based on ``asyncore``. These tests must be updated to use asyncio or


The `cgi <>`_ module is a support
module for Common Gateway Interface (CGI) scripts. CGI is deemed as
inefficient because every incoming request is handled in a new process.
:pep:`206` considers the module as:

   "[...] designed poorly and are now near-impossible to fix (``cgi``) [...]"

Replacements for the various parts of ``cgi`` which are not directly
related to executing code are:

- ``parse`` with ``urllib.parse.parse_qs`` (``parse`` is just a wrapper)
- ``parse_header`` with ``email.message.Message`` (see example below)
- ``parse_multipart`` with ``email.message.Message`` (same MIME RFCs)
- ``FieldStorage``/``MiniFieldStorage`` has no direct replacement
- ``valid_boundary`` (undocumented) with ``re.compile("^[ -~]{0,200}[!-~]$")``

As an explicit example of how close ``parse_header`` and
``email.message.Message`` are::

  >>> from cgi import parse_header
  >>> from email.message import Message
  >>> parse_header(h)
  ('application/json', {'charset': 'utf8'})
  >>> m = Message()
  >>> m['content-type'] = h
  >>> m.get_params()
  [('application/json', ''), ('charset', 'utf8')]
  >>> m.get_param('charset')


The `cgitb <>`_ module is a
helper for the ``cgi`` module for configurable tracebacks.

The ``cgitb`` module is not used by any major Python web framework (Django,
Pyramid, Plone, Flask, CherryPy, or Bottle). Only Paste uses it in an
optional debugging middleware.


The `smtpd <>`_ module provides
a simple implementation of a SMTP mail server. The module documentation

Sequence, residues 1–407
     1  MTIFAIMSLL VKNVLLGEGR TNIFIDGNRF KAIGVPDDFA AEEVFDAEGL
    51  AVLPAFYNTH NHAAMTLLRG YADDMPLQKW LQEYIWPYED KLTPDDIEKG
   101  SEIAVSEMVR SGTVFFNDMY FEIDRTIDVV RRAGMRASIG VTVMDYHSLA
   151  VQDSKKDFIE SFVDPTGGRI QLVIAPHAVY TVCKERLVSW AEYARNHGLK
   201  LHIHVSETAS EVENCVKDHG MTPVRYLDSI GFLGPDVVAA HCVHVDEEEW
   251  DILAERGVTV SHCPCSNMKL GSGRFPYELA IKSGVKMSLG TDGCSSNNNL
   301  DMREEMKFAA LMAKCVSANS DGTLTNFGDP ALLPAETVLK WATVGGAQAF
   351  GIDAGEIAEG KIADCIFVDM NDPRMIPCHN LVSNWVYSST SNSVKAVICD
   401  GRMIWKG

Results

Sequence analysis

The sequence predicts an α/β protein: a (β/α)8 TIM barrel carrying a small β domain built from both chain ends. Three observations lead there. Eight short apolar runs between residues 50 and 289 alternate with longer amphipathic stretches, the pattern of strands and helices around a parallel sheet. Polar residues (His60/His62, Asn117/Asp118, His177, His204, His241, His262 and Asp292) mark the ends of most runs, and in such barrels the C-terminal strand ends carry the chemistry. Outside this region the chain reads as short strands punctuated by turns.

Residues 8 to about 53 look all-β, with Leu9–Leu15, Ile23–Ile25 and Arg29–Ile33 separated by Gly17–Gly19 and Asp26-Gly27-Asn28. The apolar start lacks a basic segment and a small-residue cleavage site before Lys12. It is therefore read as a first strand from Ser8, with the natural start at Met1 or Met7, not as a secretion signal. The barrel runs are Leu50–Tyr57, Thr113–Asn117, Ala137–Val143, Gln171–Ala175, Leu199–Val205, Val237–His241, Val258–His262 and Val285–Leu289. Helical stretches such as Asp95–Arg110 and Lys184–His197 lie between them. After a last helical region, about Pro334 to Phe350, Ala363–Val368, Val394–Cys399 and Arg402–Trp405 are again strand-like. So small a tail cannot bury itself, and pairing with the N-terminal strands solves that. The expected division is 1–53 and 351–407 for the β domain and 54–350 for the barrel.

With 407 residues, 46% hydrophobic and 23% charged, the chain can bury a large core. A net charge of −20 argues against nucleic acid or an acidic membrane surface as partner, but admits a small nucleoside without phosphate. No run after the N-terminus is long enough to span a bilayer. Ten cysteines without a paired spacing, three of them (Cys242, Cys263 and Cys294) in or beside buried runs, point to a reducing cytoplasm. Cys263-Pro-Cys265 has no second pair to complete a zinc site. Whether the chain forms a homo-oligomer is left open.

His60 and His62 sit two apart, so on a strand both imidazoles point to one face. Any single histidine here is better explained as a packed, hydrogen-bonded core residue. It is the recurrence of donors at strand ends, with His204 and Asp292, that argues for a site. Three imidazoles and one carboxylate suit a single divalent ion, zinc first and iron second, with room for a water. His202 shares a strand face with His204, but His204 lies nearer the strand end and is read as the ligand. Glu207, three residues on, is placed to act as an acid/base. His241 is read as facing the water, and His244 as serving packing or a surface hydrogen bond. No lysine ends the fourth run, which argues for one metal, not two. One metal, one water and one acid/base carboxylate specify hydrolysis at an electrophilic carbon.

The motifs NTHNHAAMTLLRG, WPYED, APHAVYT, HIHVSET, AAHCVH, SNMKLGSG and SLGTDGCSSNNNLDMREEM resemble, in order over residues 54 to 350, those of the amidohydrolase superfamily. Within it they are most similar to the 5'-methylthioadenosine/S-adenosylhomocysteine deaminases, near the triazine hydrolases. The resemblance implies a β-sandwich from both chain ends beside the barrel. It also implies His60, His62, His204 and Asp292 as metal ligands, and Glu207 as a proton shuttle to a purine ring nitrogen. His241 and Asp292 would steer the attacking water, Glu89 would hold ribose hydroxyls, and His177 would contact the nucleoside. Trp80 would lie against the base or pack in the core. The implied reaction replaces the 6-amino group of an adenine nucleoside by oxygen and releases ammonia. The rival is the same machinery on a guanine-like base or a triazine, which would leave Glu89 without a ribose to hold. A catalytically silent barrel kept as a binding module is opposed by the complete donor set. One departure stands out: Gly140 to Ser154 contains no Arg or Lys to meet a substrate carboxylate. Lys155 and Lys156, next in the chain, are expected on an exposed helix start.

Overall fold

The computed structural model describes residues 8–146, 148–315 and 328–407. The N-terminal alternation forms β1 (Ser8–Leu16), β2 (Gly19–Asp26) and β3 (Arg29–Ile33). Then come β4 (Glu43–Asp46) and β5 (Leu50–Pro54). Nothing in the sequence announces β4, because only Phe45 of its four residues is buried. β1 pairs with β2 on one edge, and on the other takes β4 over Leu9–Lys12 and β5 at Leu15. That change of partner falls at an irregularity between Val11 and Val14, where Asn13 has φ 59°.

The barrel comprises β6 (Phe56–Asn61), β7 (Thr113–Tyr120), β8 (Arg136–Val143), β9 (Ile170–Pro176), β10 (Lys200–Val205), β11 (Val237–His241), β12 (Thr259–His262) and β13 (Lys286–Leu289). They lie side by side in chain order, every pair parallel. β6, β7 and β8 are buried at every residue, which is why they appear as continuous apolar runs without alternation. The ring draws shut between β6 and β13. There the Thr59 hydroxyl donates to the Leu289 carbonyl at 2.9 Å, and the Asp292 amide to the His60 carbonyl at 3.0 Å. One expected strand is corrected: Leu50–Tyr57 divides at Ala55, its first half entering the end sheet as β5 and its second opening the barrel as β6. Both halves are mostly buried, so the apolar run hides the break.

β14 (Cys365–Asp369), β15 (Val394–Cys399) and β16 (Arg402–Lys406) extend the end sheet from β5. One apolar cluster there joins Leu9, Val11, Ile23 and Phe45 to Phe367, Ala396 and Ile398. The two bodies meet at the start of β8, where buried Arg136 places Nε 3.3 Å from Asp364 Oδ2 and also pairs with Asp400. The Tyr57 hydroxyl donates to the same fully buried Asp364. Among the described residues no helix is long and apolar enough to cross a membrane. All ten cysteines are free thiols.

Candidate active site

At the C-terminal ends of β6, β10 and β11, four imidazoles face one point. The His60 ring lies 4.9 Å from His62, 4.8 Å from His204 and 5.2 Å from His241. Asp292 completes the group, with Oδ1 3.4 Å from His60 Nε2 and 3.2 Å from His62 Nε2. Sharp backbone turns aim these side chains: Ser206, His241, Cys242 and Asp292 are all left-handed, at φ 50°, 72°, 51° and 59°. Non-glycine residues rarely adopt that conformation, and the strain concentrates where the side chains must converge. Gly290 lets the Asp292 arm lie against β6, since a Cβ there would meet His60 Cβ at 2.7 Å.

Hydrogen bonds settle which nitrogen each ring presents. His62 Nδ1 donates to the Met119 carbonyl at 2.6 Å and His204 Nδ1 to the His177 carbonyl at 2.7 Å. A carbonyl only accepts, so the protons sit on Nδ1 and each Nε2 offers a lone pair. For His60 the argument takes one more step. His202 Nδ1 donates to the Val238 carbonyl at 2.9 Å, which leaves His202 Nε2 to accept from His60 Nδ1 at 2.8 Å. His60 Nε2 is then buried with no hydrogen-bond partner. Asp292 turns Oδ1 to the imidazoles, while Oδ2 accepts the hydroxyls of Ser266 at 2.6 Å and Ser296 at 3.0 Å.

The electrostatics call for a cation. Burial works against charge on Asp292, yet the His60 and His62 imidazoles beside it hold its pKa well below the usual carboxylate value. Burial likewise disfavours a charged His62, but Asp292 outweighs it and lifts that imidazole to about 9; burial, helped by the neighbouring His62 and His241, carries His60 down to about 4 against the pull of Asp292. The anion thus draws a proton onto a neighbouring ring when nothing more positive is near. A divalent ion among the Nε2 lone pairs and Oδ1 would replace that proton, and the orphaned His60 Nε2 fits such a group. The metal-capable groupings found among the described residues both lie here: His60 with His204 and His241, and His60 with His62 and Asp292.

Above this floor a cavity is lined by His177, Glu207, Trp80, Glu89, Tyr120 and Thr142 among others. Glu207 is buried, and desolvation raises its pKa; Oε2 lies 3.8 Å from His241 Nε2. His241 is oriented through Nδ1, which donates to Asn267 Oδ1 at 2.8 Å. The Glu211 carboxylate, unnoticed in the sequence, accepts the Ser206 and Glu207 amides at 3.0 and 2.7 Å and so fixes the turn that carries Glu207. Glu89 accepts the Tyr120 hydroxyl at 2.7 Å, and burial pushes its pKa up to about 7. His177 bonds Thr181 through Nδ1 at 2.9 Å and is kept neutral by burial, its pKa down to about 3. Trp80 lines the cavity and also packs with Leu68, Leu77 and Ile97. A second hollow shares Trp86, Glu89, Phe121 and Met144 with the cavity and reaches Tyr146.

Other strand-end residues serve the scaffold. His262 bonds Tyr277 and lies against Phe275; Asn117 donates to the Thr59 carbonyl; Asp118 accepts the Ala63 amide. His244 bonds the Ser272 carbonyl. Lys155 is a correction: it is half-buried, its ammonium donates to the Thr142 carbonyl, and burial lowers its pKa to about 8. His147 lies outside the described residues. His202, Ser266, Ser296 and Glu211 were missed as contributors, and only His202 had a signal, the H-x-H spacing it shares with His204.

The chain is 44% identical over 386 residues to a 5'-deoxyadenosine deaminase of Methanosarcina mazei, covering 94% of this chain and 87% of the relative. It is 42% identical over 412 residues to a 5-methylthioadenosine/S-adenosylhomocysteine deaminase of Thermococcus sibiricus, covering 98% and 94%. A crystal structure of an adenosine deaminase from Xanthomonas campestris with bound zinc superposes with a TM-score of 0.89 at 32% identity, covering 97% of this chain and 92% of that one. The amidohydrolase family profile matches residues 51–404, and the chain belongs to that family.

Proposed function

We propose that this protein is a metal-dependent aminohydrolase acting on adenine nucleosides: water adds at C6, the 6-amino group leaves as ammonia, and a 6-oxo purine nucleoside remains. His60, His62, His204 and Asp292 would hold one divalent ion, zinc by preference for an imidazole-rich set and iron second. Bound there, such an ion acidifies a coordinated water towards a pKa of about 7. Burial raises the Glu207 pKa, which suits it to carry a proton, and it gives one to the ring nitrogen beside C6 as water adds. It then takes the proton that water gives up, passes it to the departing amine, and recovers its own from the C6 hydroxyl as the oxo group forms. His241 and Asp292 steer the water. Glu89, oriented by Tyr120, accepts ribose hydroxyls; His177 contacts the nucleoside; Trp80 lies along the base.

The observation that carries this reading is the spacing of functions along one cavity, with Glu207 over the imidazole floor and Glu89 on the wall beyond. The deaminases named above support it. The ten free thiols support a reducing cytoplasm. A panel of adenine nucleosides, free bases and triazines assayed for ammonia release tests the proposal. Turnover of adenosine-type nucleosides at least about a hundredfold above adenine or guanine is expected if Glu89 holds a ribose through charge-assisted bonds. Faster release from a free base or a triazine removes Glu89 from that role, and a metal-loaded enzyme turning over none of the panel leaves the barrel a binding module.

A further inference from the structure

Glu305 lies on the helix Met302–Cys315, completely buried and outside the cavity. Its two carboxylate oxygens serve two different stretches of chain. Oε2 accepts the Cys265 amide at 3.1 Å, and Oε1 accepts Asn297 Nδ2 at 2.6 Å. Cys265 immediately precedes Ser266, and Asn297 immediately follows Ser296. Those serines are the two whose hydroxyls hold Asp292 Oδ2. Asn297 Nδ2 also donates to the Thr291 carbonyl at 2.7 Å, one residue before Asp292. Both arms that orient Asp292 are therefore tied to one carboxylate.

marks the module as deprecated and recommends ``aiosmtpd`` instead. The
deprecation message was added in releases 3.4.7, 3.5.4, and 3.6.1.


The `nntplib <>`_ module
implements the client side of the Network News Transfer Protocol (nntp). News
groups used to be a dominant platform for online discussions. Over the last
two decades, news has been slowly but steadily replaced with mailing lists
and web-based discussion platforms. Twisted is also
`planning <>`_ to deprecate NNTP
support and `pynntp <>`_ hasn't seen any
activity since 2014. This is a good indicator that the public interest in
NNTP support is declining.

The ``nntplib`` tests have been the cause of additional work in the recent
past. Python only contains client side of NNTP. The tests connect to
external news server. The servers are sometimes unavailable, too slow, or do
not work correctly over IPv6. The situation causes flaky test runs on


The `telnetlib <>`_ module
provides a Telnet class that implements the Telnet protocol.

Operating system interface


The `crypt <>`_ module implements
password hashing based on the ``crypt(3)`` function from ``libcrypt`` or
``libxcrypt`` on Unix-like platforms. The algorithms are mostly old, of poor
quality and insecure. Users are discouraged to use them.

* The module is not available on Windows. Cross-platform applications need
  an alternative implementation anyway.
* Only DES encryption is guaranteed to be available. DES has an extremely
  limited key space of 2**56.
* MD5, salted SHA256, salted SHA512, and Blowfish are optional extensions.
  SSHA256 and SSHA512 are glibc extensions. Blowfish (bcrypt) is the only
  algorithm that is still secure. However it's in glibc and therefore not
  commonly available on Linux.
* Depending on the platform, the ``crypt`` module is not thread safe. Only
  implementations with ``crypt_r(3)`` are thread safe.
* The module was never useful to interact with system user and password
  databases. On BSD, macOS, and Linux, all user authentication and
  password modification operations must go through PAM (pluggable
  authentication module), see `spwd`_ deprecation.


The `nis <>`_ module provides
NIS/YP support. Network Information Service / Yellow Pages is an old and
deprecated directory service protocol developed by Sun Microsystems. It's